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Vincent Van Gogh

the Arlesienne

1889

Working with...and in spite of the other

His friend Paul Gauguin had just joined him in Arles, and together they asked Marie Ginoux, owner of the Café de la Gare, to pose for them. The interested party

              accepts and finds them dressed in her

              traditional costume. But of both

              artists it is the charismatic Gauguin who

              has his favors: she sits opposite him and the

              look into your eyes as he des-

             sine his charcoal portrait. Van Gogh,

             deported to the side of the stage, must

             content with an oblique view of the Arlé-

             his: in an hour he therefore brushes this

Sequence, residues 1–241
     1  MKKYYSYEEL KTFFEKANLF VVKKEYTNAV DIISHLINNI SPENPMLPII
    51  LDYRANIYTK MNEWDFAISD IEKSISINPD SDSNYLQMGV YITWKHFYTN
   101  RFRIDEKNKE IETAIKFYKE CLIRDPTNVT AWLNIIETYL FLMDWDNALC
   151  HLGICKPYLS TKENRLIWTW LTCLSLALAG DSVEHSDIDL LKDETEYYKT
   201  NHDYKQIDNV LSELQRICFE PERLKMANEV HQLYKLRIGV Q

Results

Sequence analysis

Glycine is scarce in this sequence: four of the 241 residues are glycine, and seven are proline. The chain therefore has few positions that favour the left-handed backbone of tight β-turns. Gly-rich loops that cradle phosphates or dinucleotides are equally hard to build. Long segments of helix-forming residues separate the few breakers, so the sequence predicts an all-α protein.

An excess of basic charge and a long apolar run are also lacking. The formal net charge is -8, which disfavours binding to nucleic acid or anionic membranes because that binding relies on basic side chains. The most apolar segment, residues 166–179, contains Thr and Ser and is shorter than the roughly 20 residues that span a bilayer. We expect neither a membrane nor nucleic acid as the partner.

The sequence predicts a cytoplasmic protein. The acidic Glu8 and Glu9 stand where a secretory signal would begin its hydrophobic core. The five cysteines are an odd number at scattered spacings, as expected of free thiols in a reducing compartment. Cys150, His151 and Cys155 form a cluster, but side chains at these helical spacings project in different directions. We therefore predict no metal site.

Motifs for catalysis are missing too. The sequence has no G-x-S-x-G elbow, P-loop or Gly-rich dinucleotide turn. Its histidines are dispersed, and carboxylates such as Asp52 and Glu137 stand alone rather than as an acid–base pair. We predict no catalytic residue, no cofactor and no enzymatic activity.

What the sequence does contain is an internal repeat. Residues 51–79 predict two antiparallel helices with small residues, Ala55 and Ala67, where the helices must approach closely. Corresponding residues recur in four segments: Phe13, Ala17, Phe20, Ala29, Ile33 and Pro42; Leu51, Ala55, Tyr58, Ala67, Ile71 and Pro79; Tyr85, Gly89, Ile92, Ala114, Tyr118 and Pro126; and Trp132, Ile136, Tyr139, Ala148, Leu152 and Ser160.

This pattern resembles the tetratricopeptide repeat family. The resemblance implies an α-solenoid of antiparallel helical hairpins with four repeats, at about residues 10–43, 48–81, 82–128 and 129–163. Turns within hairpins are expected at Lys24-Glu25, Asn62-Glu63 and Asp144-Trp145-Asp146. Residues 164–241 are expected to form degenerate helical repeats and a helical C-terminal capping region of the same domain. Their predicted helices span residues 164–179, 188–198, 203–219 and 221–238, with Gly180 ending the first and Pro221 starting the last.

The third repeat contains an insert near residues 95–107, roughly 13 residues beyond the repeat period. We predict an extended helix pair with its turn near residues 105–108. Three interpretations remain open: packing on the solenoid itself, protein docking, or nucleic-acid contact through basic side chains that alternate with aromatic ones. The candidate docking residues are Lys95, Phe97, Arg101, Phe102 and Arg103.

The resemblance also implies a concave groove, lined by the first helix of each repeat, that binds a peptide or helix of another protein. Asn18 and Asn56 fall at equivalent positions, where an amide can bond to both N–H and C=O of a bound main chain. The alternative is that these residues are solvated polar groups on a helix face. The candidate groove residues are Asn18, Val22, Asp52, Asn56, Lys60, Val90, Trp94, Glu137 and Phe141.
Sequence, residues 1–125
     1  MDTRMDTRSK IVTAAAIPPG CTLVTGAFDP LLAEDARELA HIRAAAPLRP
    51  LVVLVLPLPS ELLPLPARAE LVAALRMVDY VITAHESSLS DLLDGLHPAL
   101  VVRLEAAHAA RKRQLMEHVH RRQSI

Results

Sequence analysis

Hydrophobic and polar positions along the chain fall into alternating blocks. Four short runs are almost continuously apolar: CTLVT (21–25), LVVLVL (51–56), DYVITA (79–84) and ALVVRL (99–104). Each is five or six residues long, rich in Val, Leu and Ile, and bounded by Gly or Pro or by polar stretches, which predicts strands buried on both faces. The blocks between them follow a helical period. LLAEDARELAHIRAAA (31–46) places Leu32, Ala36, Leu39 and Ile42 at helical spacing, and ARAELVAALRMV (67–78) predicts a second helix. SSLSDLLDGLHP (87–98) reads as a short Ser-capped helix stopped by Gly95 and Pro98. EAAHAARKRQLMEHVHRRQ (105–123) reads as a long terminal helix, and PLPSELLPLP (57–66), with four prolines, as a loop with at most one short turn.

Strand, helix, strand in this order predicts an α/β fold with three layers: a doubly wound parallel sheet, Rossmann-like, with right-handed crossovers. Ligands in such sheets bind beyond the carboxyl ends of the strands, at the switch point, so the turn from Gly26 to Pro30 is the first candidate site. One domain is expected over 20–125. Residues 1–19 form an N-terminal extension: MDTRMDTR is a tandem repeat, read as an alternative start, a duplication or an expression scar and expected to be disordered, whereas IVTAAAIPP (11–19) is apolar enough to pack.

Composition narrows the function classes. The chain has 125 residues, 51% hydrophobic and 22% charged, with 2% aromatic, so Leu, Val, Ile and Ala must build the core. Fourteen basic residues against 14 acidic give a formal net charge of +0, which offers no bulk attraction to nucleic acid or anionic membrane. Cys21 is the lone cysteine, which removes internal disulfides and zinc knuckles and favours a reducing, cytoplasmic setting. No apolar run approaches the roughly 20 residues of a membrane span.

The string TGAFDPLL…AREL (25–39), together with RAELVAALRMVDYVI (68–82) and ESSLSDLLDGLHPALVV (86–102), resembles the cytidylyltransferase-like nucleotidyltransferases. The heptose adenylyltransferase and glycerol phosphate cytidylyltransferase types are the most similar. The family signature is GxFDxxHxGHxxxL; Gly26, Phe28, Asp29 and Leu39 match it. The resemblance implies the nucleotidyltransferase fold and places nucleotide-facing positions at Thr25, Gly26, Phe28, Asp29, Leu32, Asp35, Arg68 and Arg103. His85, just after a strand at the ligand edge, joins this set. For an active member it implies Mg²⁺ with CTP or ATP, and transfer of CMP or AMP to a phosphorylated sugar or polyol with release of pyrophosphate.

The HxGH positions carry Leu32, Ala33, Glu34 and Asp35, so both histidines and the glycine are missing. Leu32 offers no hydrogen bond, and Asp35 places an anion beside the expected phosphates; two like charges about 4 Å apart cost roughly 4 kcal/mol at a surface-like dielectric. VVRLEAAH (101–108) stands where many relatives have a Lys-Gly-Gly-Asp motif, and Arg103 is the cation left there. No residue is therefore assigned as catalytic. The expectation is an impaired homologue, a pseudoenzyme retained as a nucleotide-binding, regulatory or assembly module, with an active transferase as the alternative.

touching portrait, which must paradoxically

             its charm and originality to the embarrassment

             caused by the presence of Gauguin

This Arles woman from 1889 occupies a special place among the portraits of Vincent Van Gogh. Whereas up to now the artist has always painted his models frontally, with direct visual contact which

gave their gaze a striking intensity.

health, he represents here a woman almost

in profile, staring into space, like

surprise in full reverie. The intensity of

face-to-face thus leaves room, as

never before with Van Gogh, at the char-

me of mystery and melancholy.

If the painter breaks here so firmly with

his habits as a portrait painter, it is absolutely

read not by choice, but by constraint.

Paul Gauguin

L'Arlesienne , 1889

What we can take away:

Working in a team involves giving up personal comfort to accommodate the presence of others, their habits and requirements. This constraint, sometimes badly experienced, is nevertheless fertile because it forces us to disconnect our automatic pilot to consider new ways of working. "  Hell is other people  said Sartre, but sometimes it's good...

Related topic: Cooperation
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